CNN: Dan Merica & Donie O'Sullivan
Former President Barack Obama is urgently throwing himself into the fight against disinformation, taking a yearslong private fascination into the open as he makes addressing the issue a key pillar of his post-presidency.
More than a decade after the false and infamous "birther" conspiracy theory was promulgated by his political opponents, including by the then-private citizen Donald Trump, Obama is hoping his personal experience with disinformation and his knowledge of its ramifications can help determine the best way to regulate social media platforms that promulgate disinformation and find ways to address what he calls the "demand for crazy on the internet" that has filled a void as local news outlets have diminished.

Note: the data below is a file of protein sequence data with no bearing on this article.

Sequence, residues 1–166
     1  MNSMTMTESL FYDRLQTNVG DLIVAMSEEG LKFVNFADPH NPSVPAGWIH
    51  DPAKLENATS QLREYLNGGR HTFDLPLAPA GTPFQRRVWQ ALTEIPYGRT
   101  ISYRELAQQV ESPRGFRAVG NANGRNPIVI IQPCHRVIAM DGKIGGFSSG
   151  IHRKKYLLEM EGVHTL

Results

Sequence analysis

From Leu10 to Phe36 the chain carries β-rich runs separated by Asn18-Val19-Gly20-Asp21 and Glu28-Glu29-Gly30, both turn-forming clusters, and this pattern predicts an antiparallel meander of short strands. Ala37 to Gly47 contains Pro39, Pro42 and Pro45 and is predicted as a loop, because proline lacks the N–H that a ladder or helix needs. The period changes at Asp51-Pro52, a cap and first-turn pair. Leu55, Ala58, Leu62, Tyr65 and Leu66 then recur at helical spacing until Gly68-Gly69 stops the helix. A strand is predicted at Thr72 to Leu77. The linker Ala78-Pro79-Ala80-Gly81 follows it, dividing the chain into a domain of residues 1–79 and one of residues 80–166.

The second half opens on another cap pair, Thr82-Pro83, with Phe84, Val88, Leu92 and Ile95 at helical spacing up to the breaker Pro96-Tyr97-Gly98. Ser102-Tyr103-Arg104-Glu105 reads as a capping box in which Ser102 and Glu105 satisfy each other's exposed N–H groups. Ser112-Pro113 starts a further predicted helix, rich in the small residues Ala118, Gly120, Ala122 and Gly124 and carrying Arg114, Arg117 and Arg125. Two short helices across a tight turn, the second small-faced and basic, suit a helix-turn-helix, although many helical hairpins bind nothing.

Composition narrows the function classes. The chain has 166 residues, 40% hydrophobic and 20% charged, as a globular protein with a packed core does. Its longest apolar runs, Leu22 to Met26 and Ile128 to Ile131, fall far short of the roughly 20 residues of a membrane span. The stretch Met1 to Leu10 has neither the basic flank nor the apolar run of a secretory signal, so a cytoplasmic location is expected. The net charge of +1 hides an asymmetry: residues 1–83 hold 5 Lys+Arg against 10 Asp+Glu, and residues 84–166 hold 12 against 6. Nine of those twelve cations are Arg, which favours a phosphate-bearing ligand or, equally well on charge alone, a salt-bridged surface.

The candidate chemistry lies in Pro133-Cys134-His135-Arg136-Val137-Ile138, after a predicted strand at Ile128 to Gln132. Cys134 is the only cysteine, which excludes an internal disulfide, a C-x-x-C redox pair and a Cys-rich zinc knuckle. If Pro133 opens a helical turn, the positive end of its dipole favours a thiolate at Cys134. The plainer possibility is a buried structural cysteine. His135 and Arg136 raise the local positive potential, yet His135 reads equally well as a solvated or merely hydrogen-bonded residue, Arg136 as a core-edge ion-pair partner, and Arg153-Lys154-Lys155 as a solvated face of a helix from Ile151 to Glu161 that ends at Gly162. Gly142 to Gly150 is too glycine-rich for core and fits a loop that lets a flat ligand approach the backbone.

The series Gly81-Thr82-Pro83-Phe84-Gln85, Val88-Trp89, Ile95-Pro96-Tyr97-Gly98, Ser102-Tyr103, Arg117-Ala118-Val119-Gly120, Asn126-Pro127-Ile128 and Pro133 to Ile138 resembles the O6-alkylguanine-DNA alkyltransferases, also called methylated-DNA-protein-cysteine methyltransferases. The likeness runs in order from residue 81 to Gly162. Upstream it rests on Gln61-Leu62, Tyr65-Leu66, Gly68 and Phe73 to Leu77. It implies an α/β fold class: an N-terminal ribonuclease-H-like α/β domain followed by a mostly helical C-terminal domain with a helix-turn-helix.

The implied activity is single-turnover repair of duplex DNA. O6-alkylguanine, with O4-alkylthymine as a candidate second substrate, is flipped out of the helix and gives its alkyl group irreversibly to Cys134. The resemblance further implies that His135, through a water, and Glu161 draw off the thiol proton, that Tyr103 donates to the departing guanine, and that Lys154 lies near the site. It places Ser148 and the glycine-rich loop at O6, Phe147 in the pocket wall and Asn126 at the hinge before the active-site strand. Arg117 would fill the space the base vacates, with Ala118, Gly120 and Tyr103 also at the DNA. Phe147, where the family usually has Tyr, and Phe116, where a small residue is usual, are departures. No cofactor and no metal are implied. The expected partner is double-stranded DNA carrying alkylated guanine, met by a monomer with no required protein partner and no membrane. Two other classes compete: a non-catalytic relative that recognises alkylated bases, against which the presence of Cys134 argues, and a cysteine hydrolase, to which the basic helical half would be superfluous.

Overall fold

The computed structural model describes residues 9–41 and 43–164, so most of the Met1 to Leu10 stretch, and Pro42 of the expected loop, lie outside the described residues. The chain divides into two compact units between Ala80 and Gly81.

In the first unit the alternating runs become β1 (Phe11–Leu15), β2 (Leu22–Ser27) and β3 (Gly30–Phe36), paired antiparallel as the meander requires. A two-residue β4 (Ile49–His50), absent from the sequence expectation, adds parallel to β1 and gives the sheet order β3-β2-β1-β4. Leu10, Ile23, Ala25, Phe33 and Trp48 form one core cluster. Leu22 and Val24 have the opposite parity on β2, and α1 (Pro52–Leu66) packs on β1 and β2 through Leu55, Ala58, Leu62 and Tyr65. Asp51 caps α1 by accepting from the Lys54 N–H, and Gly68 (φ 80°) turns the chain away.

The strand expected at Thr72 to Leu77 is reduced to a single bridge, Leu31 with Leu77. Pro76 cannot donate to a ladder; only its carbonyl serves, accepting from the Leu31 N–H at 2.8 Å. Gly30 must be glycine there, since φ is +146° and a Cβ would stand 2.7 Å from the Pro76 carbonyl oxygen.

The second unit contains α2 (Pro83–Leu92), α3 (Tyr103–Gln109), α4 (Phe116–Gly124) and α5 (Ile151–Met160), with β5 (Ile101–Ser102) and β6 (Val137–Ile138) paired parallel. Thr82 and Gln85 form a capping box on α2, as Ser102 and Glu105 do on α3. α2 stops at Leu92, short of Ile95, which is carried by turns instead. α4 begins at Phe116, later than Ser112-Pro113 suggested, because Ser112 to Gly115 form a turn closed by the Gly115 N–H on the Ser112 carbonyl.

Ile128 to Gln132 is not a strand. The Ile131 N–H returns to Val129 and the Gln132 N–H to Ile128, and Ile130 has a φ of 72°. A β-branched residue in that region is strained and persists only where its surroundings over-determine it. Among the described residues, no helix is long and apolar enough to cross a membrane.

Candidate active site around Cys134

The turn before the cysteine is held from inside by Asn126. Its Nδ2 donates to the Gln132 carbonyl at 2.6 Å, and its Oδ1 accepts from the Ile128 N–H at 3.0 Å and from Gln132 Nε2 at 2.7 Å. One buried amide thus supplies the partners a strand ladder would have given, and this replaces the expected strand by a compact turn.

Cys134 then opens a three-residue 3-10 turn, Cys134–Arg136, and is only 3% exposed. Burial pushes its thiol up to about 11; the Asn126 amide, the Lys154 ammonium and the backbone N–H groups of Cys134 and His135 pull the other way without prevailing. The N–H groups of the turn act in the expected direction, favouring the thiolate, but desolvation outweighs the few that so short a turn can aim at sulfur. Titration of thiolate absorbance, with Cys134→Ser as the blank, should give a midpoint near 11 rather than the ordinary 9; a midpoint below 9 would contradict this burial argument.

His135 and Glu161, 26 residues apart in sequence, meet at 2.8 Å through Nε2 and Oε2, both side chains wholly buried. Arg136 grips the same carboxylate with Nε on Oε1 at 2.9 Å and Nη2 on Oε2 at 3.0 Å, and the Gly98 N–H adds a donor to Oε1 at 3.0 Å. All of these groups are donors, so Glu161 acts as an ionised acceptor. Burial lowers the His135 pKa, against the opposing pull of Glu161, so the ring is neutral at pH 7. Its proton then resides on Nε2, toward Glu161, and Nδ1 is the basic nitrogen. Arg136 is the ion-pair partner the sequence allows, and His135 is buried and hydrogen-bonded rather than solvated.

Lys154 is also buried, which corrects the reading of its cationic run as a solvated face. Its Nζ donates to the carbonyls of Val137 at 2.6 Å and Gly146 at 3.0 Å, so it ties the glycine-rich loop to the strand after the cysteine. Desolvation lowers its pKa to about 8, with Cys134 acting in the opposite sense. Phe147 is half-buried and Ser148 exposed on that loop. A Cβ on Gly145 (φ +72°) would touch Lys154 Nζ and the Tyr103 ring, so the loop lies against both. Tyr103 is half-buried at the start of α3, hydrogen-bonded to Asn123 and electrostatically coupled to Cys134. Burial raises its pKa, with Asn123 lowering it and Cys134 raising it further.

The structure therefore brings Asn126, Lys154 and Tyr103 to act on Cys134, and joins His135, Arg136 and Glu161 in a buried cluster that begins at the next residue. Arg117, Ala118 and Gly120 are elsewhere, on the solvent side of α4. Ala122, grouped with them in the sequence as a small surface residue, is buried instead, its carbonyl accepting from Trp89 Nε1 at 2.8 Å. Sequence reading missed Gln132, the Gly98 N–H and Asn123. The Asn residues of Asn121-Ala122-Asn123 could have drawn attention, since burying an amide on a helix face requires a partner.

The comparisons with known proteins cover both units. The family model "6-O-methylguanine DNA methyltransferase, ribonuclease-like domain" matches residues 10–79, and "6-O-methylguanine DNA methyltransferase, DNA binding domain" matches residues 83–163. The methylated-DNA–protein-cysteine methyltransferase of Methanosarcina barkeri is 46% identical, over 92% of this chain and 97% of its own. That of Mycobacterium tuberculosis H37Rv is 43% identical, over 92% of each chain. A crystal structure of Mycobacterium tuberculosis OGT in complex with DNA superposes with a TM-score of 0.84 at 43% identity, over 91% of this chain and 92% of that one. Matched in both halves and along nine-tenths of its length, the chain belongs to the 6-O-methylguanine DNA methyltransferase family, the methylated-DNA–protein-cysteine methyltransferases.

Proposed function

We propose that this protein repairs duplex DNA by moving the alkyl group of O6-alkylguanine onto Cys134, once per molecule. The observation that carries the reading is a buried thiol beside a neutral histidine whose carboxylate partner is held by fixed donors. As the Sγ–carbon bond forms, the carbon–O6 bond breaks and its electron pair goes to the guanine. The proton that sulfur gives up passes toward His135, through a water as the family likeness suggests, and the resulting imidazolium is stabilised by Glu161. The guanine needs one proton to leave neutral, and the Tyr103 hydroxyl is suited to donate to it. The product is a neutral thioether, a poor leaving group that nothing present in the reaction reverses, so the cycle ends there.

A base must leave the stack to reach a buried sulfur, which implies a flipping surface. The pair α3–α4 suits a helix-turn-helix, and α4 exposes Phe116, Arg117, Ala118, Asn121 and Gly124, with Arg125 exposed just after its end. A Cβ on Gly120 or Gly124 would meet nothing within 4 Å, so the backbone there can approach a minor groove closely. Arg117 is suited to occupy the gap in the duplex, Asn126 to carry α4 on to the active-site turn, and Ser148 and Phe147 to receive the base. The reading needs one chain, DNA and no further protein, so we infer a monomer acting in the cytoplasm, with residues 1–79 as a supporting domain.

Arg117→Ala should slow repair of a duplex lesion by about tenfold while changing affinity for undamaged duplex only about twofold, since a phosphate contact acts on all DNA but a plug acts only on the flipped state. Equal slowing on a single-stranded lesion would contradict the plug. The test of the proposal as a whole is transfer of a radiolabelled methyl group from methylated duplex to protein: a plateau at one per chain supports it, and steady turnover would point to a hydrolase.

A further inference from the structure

Obama's effort has been sweeping, say the former President's confidants and outside advisers with experience in the tech industry, with Obama convening meetings and conversations with academics, activists, researchers, tech sector leaders, media executives, former government officials and former regulators. People who have met with the former President describe him as gripped by the issue, showing up to meetings with handwritten notes and questions and often referring to reading he has done on the topic, including reports by the RAND Corporation and the Aspen Institute, and a research study on partisan media by David Broockman and Joshua Kalla.
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